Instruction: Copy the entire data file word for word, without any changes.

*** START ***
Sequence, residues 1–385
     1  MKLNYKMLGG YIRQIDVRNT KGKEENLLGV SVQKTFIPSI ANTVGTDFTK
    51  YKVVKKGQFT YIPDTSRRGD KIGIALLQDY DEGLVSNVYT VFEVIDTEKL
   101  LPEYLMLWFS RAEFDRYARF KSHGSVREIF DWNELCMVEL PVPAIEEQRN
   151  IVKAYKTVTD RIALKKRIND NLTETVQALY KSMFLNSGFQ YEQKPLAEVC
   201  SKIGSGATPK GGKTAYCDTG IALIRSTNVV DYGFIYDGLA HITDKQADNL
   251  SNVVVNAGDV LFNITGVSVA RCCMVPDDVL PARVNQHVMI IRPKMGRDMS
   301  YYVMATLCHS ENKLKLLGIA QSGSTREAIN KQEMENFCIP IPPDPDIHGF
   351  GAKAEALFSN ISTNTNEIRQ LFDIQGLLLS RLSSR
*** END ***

Sequence, residues 1–385
     1  MKLNYKMLGG YIRQIDVRNT KGKEENLLGV SVQKTFIPSI ANTVGTDFTK
    51  YKVVKKGQFT YIPDTSRRGD KIGIALLQDY DEGLVSNVYT VFEVIDTEKL
   101  LPEYLMLWFS RAEFDRYARF KSHGSVREIF DWNELCMVEL PVPAIEEQRN
   151  IVKAYKTVTD RIALKKRIND NLTETVQALY KSMFLNSGFQ YEQKPLAEVC
   201  SKIGSGATPK GGKTAYCDTG IALIRSTNVV DYGFIYDGLA HITDKQADNL
   251  SNVVVNAGDV LFNITGVSVA RCCMVPDDVL PARVNQHVMI IRPKMGRDMS
   301  YYVMATLCHS ENKLKLLGIA QSGSTREAIN KQEMENFCIP IPPDPDIHGF
   351  GAKAEALFSN ISTNTNEIRQ LFDIQGLLLS RLSSR